Both jockeys began their careers in Hastings, with Fannin originally attached to the stable of Guy Lowry and Grant Cullen before transferring to Myers in Wanganui. Kuru first learnt to ride when based with Patrick Campbell before working for a time for fellow Hastings trainer John Bary. He is now based in Cambridge.

Johnson focussed in title quest

Chris Johnson is prepared to go the extra mile in his quest for a second national jockeys’ premiership.

The veteran South Island rider won the title with 139 winners in 1995-96 season and a treble at Rotorua on Sunday took him to 84 for this term, five behind pacemaker Danielle Johnson.

“Depending how things go, he might even go back to hurdle racing,” his manager John Tannahill said.

Johnson, 53, hasn’t ridden over fences for a while, but he has an outstanding record.

 “It would be three or four years since he rode over the jumps,” Tannahill said.

 “He’s ridden 55 winners over hurdles from about 260 rides, but he’s only had one steeplechase ride and fell at the first fence.”

Johnson’s jumping CV features wins in the Great Northern, Grand National and Wellington Hurdles

 

Chris Russell...new board member of the New Zealand Thoroughbred Breeders Association

Hastings owned and trained Wait A Sec and jockey Johnathan Parkes stave off the challengers to score a three-quarter length win in a Rating 75 race over 1550m at Awapuni last Saturday.

 

Hastings-born jumps jockeys Shaun Fannin and Aaron Kuru won fourjumping races between them on New Zealand racetracks last weekend.

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HB Racing Column 19 May 2017

Six of the best by Hastings trainers at local meeting

Hastings trainers had a field day at their local race meeting on Thursday of last week, producing six of the nine winners at the annual Hawke’s Bay Fruitfed Supplies raceday.

Paul Nelson, a renowned trainer of high class jumpers, produced the winners of the two hurdle races in Rocky and Ooee; the Guy Lowry and Grant Cullen partnership also had a brace of wins with Pakapunch and Worldclass; while Patrick Campbell (Hunta Pence) and John Bary (Moscow Mistress) also picked up a win each.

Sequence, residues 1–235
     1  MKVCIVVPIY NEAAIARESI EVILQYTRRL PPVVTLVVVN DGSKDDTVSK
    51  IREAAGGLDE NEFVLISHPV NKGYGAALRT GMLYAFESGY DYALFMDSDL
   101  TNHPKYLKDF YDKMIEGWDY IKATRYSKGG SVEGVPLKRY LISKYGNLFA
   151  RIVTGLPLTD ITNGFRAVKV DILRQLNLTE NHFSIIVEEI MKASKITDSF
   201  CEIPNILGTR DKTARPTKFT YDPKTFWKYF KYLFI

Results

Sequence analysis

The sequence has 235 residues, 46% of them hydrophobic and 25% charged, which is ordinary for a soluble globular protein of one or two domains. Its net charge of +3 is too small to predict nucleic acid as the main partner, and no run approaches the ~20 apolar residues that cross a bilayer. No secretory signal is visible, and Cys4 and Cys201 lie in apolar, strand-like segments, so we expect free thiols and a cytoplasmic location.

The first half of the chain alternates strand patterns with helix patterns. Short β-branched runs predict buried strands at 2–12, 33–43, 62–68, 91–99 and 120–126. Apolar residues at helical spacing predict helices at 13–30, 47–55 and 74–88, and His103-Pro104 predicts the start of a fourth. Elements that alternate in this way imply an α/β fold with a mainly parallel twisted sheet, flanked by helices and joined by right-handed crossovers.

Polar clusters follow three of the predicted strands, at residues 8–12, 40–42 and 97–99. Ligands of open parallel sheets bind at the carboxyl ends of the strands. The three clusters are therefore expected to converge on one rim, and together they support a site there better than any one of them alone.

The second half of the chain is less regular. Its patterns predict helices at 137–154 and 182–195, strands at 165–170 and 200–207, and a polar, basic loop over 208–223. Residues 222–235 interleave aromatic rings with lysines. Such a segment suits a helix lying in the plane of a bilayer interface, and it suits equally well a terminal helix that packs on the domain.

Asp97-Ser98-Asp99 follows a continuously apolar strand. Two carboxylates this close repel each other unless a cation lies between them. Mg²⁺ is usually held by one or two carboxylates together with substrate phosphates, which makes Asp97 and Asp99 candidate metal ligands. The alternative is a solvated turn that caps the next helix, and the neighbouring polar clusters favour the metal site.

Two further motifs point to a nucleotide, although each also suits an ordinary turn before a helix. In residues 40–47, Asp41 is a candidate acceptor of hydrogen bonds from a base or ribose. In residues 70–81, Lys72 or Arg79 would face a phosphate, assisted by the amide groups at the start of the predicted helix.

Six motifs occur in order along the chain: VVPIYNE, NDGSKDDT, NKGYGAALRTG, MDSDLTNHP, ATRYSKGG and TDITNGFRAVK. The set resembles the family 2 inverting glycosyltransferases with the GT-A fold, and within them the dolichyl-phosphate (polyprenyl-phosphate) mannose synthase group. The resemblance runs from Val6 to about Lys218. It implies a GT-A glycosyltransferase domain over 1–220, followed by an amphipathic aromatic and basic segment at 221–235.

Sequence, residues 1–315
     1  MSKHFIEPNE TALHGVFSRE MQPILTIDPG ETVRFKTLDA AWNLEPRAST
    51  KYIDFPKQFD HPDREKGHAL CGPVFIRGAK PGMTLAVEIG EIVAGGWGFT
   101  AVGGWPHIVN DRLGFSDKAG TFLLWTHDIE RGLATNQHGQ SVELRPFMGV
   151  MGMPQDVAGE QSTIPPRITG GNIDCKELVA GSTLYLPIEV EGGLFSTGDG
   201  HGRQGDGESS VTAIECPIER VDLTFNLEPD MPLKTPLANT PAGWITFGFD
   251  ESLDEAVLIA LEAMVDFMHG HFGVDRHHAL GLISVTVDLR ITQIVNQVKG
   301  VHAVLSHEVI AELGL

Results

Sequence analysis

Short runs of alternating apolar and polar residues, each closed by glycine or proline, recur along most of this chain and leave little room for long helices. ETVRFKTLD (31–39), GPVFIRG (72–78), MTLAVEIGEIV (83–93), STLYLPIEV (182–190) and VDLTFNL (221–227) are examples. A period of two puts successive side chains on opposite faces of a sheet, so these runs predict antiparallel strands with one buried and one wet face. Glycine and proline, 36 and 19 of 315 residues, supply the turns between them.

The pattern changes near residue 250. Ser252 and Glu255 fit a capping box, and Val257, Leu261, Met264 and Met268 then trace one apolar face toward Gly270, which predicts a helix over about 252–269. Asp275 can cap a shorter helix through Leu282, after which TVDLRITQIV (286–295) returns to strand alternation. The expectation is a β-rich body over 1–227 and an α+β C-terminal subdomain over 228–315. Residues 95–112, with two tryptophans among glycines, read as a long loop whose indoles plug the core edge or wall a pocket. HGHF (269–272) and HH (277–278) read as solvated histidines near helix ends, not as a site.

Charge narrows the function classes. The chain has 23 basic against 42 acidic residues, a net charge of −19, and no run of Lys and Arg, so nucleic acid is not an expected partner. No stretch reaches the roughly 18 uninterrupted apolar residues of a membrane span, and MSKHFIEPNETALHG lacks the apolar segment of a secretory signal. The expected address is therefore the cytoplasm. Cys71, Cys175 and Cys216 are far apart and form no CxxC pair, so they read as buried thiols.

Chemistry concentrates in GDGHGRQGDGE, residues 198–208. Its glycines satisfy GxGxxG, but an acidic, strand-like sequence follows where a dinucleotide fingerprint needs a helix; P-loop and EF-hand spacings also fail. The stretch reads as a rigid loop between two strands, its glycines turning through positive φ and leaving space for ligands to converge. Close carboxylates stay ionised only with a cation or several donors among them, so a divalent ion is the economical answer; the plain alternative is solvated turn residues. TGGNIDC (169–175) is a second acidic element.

Nelson’s double success was a welcome change of luck for both him and his wife Carol as they lost one of their best performers of recent times, San Pedro, when the horse died suddenly at their Air Hill Station a couple of weeks ago.

Nelson said San Pedro had just completed a workout on the property’s famous hill climb when he collapsed. The horse had shown no sign of distress beforehand but Nelson said he did suffer a bad bout of travel sickness when taken south for the Grand National meeting at Christchurch, in August last year, and has since been told that can have a lasting effect on horses.

San Pedro had a record of 10 wins, 6 seconds and 8 thirds from his 62 starts. Seven of his victories were on the flat, the most recent being over 2200m at Woodville in April last year. He had also shown good promise as a jumper, with his nine hurdle starts resulting in 3 wins, two seconds and a third.

The Nelson-trained Rocky disputed the pace in the 2500m maiden hurdle at last week’s Hawke’s Bay meeting and really attacked his fences in the early stages. He was taken on by Cullister with 1000 metres to run but shrugged off that challenge coming to the last fence and surged clear soon after to win by 3 lengths.

It was a Paul Nelson-trained quinella with Rocky’s stablemate No Change running past Cullister in the final stages to get second place by 3-3/4 lengths.

Rocky is a seven-year-old gelding by Danroad out of Sugar Bee and was bred by Hawke’s Bay couple John and Lucy Scoular. They are members of the I See Red Syndicate that race Rocky and several other horses from the Nelson stable.

Ooee showed plenty of potential as a hurdler last winter and he looks in for another successful campaign judging by his dominant win in the Restricted Open Hurdle (2500m).